“If I’m being brutally honest I really don’t do it to set a new record. It’s mostly just a by-product of doing it anyway. Of course, it’s nice to get some recognition but that’s not why I go for the records. The two records people have picked up on the most this year are both a little tenuous, to be honest. On Everest ‘A youngest British male’ record and on Kili a ‘fastest British’.
Earlier this year, he completed the 430-mile category of the Montane Yukon Arctic Ultra, arguably the world’s coldest and toughest ultra. Together with his friend Tom Sutherland, they became the first team ever to complete the 430-mile race on foot. “Oh it was hard…really hard! It took us 12 days to complete the race. We were both really chuffed. It is an amazing race, a really phenomenal experience that will stay with me for a long time.
“I pushed my body physically and mentally further than I knew possible. And then further again. I reached new levels of suffering and pain that I had never before experienced in sport. And I hated parts of the race because of this. I suffered substantially. Only 17 people finished the race this year.”
Jon’s idea of the ultimate challenge in mountaineering “is to become self-sufficient enough to go off and do your own big mountaineering challenge. Be forced to make some big decisions, suffer a little and come away successful.”
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It’s not all fun and games when you enter the big mountains, you gamble with your life. Jon’s worst incident over the years happened in Kyrgyzstan. “When I was climbing Peak Pobeda (50th highest mountain in the world) I got hit by rockfall at around 6200m and knocked unconscious and got a big cut in my head (helmet got smashed up!).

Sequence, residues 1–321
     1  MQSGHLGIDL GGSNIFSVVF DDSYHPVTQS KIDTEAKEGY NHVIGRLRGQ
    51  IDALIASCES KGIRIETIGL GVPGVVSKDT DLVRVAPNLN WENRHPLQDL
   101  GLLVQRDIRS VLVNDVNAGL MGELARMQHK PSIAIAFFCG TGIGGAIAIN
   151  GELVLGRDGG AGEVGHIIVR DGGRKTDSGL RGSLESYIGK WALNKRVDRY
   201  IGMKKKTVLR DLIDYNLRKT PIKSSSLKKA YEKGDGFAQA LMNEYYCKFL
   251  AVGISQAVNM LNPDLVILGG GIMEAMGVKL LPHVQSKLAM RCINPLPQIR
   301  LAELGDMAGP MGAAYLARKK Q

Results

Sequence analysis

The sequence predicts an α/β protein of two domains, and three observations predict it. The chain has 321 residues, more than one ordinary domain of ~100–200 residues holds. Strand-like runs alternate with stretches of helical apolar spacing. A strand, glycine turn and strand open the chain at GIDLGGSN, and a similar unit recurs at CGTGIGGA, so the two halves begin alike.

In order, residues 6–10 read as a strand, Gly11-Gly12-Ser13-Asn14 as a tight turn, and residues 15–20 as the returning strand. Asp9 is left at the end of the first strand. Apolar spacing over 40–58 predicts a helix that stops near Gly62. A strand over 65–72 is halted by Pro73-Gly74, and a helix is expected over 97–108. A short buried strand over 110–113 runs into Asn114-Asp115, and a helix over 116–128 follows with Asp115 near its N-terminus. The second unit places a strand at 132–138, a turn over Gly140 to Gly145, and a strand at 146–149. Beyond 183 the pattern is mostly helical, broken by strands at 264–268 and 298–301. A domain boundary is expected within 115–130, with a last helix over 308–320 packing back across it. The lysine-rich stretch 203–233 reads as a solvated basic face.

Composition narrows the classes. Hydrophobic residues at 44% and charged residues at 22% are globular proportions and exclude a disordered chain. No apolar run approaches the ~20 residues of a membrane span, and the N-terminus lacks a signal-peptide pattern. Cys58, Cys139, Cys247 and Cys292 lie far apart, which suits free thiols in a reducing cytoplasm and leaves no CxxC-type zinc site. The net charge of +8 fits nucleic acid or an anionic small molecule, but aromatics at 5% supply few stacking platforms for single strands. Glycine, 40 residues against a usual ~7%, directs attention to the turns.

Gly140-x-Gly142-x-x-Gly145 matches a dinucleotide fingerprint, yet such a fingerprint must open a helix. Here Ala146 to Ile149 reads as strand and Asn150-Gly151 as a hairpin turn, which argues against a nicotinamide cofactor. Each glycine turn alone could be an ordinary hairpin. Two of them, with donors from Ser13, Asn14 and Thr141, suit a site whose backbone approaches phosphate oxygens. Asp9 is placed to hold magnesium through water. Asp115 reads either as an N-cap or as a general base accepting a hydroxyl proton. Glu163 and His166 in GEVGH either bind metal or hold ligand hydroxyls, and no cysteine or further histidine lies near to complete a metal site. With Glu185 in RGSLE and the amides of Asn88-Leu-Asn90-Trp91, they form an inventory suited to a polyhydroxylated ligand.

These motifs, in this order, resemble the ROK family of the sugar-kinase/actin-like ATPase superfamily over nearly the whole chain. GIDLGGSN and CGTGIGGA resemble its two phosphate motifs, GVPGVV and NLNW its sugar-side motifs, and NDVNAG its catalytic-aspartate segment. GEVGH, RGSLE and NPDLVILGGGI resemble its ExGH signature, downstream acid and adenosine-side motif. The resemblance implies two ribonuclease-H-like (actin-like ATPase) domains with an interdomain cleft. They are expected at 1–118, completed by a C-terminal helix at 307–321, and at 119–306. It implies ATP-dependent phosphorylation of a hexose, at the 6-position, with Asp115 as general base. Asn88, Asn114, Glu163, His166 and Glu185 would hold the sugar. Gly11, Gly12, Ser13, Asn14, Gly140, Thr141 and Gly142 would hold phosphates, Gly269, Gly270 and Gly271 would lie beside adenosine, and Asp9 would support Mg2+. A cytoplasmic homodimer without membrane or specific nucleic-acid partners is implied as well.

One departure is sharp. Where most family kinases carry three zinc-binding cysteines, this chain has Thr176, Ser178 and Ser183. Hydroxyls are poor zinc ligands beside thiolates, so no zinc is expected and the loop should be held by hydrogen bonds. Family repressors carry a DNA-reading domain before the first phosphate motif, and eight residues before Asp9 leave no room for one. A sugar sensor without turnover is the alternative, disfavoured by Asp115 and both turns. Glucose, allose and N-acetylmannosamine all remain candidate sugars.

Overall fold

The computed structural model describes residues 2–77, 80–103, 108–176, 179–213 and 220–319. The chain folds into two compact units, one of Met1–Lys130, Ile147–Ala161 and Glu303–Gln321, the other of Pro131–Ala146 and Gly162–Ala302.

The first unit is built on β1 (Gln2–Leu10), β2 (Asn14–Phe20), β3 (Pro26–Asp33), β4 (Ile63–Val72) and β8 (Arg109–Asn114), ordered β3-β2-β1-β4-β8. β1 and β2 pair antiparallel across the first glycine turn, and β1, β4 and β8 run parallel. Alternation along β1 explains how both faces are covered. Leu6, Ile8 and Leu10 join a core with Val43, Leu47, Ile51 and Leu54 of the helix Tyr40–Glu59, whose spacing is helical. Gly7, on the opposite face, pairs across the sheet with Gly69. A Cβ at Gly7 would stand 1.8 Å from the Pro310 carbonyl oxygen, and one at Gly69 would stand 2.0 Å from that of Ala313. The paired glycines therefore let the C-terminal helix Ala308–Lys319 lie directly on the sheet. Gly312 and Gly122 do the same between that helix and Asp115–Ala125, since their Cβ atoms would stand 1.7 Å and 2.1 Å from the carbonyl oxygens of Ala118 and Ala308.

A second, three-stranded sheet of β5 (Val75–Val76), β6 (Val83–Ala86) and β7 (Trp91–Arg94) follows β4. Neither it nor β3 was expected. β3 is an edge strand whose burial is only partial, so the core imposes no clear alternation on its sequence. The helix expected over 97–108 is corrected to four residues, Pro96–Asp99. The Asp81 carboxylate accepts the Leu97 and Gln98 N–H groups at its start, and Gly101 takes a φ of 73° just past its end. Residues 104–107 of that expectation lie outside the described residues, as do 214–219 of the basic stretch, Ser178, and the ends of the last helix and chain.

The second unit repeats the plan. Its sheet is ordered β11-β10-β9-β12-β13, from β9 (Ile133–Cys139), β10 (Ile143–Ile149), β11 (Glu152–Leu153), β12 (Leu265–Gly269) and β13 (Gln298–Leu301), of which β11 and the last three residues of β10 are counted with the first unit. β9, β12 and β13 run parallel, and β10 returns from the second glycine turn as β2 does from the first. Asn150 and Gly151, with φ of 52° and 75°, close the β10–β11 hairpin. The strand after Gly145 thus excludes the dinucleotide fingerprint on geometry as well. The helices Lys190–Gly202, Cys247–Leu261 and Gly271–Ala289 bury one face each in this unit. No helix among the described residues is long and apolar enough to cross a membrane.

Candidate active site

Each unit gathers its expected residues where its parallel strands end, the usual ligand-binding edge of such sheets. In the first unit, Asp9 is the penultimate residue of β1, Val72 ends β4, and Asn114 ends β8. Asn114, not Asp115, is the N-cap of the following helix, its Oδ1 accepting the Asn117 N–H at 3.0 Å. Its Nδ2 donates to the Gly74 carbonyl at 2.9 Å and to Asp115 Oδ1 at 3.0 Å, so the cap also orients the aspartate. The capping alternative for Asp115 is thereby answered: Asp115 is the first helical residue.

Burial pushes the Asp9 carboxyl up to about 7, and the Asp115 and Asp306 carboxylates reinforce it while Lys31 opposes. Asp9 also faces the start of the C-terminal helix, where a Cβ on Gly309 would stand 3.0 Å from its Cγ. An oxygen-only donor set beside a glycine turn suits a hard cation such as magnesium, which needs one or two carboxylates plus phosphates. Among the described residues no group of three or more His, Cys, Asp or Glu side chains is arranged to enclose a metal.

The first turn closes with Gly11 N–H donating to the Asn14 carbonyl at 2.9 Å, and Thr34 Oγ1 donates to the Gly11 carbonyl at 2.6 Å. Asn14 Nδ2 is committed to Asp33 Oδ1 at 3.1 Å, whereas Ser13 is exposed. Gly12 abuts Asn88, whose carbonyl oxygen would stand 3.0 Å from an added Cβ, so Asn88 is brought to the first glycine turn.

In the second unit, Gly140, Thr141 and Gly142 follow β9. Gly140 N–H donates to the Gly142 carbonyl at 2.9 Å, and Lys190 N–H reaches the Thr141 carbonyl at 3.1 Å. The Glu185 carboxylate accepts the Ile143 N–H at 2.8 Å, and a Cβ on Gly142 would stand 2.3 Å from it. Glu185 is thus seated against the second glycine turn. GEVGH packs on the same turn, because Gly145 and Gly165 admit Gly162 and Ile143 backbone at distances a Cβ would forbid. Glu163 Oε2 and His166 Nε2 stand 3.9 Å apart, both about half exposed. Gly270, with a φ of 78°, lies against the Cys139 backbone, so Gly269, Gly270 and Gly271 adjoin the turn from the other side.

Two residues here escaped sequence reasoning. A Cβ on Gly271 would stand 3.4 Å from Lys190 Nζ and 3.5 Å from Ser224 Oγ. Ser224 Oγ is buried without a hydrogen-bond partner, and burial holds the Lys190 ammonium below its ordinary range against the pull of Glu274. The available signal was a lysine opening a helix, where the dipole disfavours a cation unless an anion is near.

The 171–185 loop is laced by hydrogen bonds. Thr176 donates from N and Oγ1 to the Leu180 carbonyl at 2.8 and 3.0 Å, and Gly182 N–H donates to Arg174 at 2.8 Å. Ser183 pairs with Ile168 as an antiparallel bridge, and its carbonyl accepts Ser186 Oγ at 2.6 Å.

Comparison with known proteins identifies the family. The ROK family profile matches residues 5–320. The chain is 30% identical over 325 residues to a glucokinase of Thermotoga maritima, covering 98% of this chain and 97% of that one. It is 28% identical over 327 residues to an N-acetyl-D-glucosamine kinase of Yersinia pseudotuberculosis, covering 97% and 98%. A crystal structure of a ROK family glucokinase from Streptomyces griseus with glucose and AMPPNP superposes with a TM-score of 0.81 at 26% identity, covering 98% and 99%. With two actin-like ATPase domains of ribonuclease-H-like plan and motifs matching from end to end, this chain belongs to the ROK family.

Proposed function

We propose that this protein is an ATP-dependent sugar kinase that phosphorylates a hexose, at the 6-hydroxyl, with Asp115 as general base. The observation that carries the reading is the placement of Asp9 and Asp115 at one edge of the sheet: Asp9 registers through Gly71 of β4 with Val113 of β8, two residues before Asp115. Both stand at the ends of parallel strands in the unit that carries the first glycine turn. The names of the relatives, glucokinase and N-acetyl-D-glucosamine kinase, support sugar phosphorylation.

“This required some funky first aid and a serious 2-day descent before a helicopter evacuation could take place.”
In these kinds of extreme environments, you’ve got to make sure you are kitted out correctly. Jon’s favourite piece of equipment is his down suit, “It’s a beast. I also love my SunGod Ski Goggles. Clothes wise, I just like kit that is practical and works well in the situations I use it in. I am sponsored by Montane and we are currently working on a project to create these exact pieces for me, which is really cool!”
Adventure is an increasingly vogue concept these days, and Jon believes there is a real need for it. “I think adventure is all relative and it shouldn’t get labelled up as tight as it does. So, regardless of what your adventure is, I do think it is an essential part of life. It makes us better people. It’s good to smile, laugh and feel free and adventure does that in bucket loads. I always try and encourage people to have adventures, however small. They’re good for the soul.”
As for plans for the New Year, Jon already has plenty, “I have a big project starting in January. I’m helping out a friend on his 7 Summit attempt. Other than that, next year is all about the rock climbing and leading more great trips for Mountain Expeditions.”
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By Orla O'Muiri